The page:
BY: KIRSTEN POWLEY
I’m not the first person to think a foreign accent is sexy. I’m also not the first person to have had a relationship with someone while travelling or living abroad. As more adventurous souls pack their bags to seek life in another part of the world, whether that’s a working holiday visa, studying abroad or simply extended travel, falling in love with someone from another country isn’t a crazy notion.
The ride of exploring new places with a partner is invigorating: everything is new and you’re both in a major honeymoon period in terms of relationship and life satisfaction. But when it comes to the tearful goodbye at the airport and you’ve taken the massive decision to carry on long distance, how do you make it work?
Here’s my back story: I’m a British girl who met an American boy when we were both studying abroad in Melbourne, Australia. After just three months together, we decided we would carry our relationship on long distance when we both had to return to our home universities. I was based mainly in London, UK and he was in Boston, USA. We spent more than two years doing long distance and now, almost five years into our relationship, we’re living together in Toronto, Canada.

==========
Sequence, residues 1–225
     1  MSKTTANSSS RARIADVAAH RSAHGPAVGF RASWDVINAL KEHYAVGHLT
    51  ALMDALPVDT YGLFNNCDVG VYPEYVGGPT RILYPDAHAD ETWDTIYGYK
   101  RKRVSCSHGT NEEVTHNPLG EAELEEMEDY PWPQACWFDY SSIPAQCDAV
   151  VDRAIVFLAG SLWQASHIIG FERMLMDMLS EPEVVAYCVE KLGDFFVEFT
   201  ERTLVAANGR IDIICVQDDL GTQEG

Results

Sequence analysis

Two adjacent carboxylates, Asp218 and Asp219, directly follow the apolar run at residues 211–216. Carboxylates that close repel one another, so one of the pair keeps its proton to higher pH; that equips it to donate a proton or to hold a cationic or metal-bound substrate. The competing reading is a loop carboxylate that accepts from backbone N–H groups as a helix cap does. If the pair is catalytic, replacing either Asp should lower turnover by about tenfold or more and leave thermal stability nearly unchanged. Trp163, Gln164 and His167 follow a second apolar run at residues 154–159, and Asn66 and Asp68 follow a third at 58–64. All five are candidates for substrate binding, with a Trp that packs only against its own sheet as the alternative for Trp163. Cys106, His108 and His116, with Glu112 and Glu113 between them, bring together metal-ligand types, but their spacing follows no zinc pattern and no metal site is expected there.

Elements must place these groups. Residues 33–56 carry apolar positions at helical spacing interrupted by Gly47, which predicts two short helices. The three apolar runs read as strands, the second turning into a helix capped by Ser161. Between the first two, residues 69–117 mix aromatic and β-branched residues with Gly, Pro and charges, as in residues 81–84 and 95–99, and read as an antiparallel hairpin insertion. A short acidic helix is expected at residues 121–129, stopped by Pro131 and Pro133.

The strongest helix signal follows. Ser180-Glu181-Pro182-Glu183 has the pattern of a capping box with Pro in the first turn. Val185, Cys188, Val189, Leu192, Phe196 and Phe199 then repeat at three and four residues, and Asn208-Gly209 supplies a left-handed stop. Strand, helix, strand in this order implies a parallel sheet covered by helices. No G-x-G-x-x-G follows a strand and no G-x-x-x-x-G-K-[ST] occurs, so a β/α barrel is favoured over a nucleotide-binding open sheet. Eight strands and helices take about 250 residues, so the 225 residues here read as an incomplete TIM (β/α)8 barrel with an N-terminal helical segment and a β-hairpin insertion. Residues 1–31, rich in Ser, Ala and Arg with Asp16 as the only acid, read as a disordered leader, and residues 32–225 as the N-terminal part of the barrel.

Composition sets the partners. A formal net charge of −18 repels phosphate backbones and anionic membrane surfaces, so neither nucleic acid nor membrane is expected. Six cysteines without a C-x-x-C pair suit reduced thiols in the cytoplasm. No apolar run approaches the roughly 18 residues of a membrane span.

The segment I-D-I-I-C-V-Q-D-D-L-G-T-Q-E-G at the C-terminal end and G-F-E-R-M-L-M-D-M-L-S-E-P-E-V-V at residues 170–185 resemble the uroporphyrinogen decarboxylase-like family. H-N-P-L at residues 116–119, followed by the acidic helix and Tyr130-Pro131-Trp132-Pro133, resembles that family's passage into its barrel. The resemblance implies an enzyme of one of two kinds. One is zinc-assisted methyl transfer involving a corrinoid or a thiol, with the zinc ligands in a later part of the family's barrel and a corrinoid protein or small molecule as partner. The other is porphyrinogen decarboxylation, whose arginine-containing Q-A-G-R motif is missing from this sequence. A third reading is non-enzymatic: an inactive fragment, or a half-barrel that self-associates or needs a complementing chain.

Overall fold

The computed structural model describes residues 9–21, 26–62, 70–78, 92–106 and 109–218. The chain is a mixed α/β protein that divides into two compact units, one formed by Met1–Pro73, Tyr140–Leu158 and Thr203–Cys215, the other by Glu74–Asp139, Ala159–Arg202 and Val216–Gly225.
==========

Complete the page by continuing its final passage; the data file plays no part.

While we were doing long distance, we were met with a lot of criticism. People openly informed me it would never work and looked down on the relationship as if it wasn’t a ‘real’ relationship. We know who we are, what our relationship means, and just because it’s long distance doesn’t make it any less filled with love or hope than anyone else’s who is lucky enough to live in the same apartment or house. Fast forward to now, and people frequently ask me questions about how we made it work – many of these people because they’re in a similar situation.
So what is the secret? I by no means have all the answers and there’s no set recipe for everyone (just like anything in life). It was far from smooth sailing, but these are the pointers that, after much trial and error, I can say worked for me.